Today marks the beginning of a double ocean crossing by a Nordhavn 40. Hull number 16 will cross from Miami to Lisbon, Portugal, and then back again. With almost 200 ocean crossings completed by Nordhavns in the books, a crossing of an ocean by a Nordhavn – even a double-crossing such as is the case here –isn’t exactly front page news. But this ocean crossing journey is different. This traverse of the Atlantic Ocean is being completed by a disabled owner. By all accounts, it is the first motoryacht trans-oceanic crossing by a disabled person at the helm.
Philippe Guglielmetti is not, and never was, your average person. Guglielmetti was born in France and grew up an avid outdoorsman. He was also a brilliant engineer and all-around over-achiever who founded the successful e-commerce company Integra, an international business that counted high-end corporations such as EuropCar among its clients and staffed more than 1,100 employees. At the height of his success, Guglielmetti sold Integra to Verizon and went on to establish other tech companies, and for a time dabbled in boat building as the CEO of French yacht brand Arcoa.
In 2015, the seemingly otherwise healthy Guglelmetti was in a taxi in Paris en route to a fundraising event. As the car zipped passed the Louvre, Guglielmetti felt a strange tingling in his leg, the first signs of the stroke that would ultimately change the course of his life.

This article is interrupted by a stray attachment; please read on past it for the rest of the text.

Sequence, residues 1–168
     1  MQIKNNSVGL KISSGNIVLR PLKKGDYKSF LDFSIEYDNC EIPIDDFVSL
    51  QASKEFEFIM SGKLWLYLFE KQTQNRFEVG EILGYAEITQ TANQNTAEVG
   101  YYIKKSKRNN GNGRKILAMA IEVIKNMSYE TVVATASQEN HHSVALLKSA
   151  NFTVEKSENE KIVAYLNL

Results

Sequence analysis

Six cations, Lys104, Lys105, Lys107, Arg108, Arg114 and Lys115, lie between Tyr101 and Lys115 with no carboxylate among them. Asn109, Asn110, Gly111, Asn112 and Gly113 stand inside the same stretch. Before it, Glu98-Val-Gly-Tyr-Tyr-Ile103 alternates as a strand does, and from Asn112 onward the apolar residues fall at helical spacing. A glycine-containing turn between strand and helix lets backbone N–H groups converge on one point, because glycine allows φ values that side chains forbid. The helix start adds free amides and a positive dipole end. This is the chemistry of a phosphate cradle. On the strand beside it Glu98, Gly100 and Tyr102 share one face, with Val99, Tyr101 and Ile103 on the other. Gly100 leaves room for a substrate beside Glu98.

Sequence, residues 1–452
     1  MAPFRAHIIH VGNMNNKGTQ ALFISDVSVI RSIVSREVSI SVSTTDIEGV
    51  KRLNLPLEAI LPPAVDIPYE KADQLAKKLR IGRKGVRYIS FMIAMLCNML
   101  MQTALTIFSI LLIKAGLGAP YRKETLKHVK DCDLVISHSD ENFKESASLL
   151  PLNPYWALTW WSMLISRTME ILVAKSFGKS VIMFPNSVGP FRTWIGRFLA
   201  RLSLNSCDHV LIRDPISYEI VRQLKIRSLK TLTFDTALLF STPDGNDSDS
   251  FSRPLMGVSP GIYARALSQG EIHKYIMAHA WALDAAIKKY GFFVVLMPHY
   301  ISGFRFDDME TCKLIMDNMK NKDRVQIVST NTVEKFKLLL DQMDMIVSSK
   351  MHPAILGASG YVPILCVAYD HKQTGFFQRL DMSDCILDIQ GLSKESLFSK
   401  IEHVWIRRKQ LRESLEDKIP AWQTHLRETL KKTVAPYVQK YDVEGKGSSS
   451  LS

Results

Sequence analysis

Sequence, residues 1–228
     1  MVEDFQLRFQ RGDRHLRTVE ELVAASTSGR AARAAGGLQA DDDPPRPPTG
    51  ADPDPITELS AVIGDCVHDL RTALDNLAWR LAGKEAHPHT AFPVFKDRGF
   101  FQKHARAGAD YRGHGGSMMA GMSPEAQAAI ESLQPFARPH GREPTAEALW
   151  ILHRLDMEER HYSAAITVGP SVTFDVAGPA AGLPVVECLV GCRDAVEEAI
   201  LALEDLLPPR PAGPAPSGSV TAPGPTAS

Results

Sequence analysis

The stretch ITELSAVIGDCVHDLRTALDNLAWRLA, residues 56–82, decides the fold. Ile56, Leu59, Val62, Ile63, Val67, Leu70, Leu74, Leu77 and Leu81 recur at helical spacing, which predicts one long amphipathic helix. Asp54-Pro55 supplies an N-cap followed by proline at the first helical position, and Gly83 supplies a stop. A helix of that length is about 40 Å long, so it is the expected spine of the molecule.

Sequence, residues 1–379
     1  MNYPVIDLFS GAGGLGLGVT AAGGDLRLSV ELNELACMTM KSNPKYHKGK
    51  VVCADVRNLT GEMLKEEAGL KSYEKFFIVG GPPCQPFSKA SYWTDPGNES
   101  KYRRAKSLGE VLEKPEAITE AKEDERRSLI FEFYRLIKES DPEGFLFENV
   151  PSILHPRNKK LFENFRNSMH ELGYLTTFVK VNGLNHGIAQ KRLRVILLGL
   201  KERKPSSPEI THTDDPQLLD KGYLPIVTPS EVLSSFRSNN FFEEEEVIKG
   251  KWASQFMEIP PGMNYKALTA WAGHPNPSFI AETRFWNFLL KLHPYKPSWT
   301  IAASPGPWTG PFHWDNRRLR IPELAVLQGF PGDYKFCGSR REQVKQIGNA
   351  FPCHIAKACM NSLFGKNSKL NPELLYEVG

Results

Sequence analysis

Guglielmetti suffered a pontine hemorrhagic stroke, which occurs in the portion of the brainstem responsible for a number of autonomic nervous system functions such as motor function, pain response and sleep-wake cycles. Guglielmetti spent a week in ICU and endured months more in the hospital communicating only through the lifting of fingers.
As he began a determined road to recovery, Guglielmetti set goals for himself: walking across the Golden Gate Bridge, a family trip to Vancouver, and finally, a solo return trip to the Hopital Lariboisiere in Paris to visit the staff there who saved his life. The more hours he dedicated to therapy, the more trips he scheduled for himself to places like Baja, Mexico, and Costa Rica. Guglielmetti discovered warm tropical climates suited his body best prompting him and his wife, Florence, to move to Miami. Surrounded by boats, he was reminded of his time at Arcoa and how much he enjoyed roaming around the French Riviera. He decided it was time to look into boating again but for more than just puttering about in Biscayne Bay. He wanted to combine yachting with his love for travel and his insatiable need to prove he could do things independently.
During his years of recovery, Guglielmetti forced himself to conquer physical feats on his travels such as hiking through the jungle and swimming in the ocean. While his body continued to meet challenges, it was important that he remain mentally strong to overcome setbacks, of which there were many, and so he spent a month at an Ashram in Texas to focus on remaining disciplined about the new ways he needed to approach life.